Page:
NFL Overtime Rule Change -- Kicking the Can or Game Theory Lollapalooza?

by Hollywood Sports

Thursday, Mar 31, 2022
The NFL changed their overtime rules this week after the outcry from the AFC Divisional playoff run where Kansas City beat Buffalo by a 42-36 score. I wrote about my modest proposal to change the overtime rules at the time here:

Not surprisingly, the league has voted to ensure each team gets one possession in overtime. Atlanta Falcons President Rich McKay inadvertently offered some comedy to the situation by citing that the decision was “data-driven” since the team who won the coin toss to begin overtime went on to win the game in 10 of the 12 playoff overtime games since the rule was initiated. That’s quite a sample size over a 13-year period since the New Orleans Saints were the first team to benefit from that rule change in the 2009 playoffs (Drew Brees versus Minnesota). 

Seven teams won the game in the first possession which seemed compelling to folks like McKay and NBC Sports’ journalist/pundit Peter King. If one less team would have clinched the game with an opening drive touchdown in the overtime over these 13 years, would the data no longer have supported the change? What exactly did the NFL, McKay, and King think was going to happen when the winner of the coin toss is given such a strong incentive to not bring out a kicker of any kind since a touchdown successfully ends the game for them?

This reform does not solve the problem. It merely kicks the can. Peter King and the 24-hour Hot Take Industry will have plenty to still talk about with the next dozen NFL playoff games that go to overtime over the next dozen or so years. If Josh Allen would have countered the Chiefs' initial overtime touchdown with a Bills’ touchdown, then Kansas City gets the ball back with the opportunity to simply win the game via a field goal. The inequity stemming from the arbitrary coin flip emerges once again, albeit delayed. King can cite the statistics that the team that won the coin flip continues to be more likely to win in overtime. Surprise!

As I mentioned in my previous thoughts on this matter, this change in the rule does create the opportunity for some interesting game theory. The team getting the ball second may choose to attempt to end the game right then and thereafter score their potential game-tying touchdown by attempting a 2-point conversion. Of course, if they fail, they lose the game. This possibility may convince the Brandon Staley’s of the world to attempt 2-point conversions if they score the first touchdown in overtime, which will be hilarious/infuriating depending on where one's money is invested. It will be like Lollapalooza for the NFL Analytics Twitter (once they decide where the Group Think answer is).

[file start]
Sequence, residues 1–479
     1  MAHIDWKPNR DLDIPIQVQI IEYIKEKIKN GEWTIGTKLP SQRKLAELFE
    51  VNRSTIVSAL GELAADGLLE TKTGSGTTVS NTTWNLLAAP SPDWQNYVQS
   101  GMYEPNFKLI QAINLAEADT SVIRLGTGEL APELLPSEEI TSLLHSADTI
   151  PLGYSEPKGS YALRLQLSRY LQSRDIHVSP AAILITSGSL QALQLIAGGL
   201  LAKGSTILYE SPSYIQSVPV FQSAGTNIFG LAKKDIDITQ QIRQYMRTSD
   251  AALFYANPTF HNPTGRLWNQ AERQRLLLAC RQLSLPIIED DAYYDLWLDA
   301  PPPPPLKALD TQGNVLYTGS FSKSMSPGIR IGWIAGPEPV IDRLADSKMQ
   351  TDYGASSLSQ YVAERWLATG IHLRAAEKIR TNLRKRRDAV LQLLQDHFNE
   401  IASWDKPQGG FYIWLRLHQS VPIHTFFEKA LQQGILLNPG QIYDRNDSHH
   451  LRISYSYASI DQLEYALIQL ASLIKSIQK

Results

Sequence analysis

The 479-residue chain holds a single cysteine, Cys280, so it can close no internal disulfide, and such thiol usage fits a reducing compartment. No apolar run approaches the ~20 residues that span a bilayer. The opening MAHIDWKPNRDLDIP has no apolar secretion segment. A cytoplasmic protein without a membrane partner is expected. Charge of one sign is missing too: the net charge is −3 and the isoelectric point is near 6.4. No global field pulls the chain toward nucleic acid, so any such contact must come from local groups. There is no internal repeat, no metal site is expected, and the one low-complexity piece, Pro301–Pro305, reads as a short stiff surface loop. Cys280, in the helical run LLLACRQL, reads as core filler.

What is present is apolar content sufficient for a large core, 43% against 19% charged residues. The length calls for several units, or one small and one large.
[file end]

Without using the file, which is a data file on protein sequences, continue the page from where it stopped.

This will add drama to the proceedings. The college football overtime format has drama — and the NFL has little interest in adopting their proposal. This reform by the NFL attempts to obscure the inherent problem that a coin flip gives one team a structural advantage. Layered within this change is the incentivizing for one or both teams bypassing the extra point for a two-point conversion. The first team to miss a two-point conversion probably loses. Sounds like the college system. 

My earlier proposal was to replace the coin flip with the awarding the structural advantage of getting to choose the first or last possession that generated the most total yards in the game (and add special teams yards!) with the choice of first or last possession. Some coaches may determine that getting the ball last becomes the more strategic option since that offense will know exactly what they need to accomplish to win or extend the game. Peter King at least has to change his talking point to “the team that gained the most yardage during the game most often wins in overtime.” Rich McKay can continue to claim this is all “data-driven!”

It will be interesting to see how this plays out in practice. One thing we probably can already conclude is that a dozen examples in a dozen years probably does not offer enough of a sample size to make responsible conclusions. But that will not stop us!

Best of luck  — Frank.

All photographic images used for editorial content have been licensed from the Associated Press.

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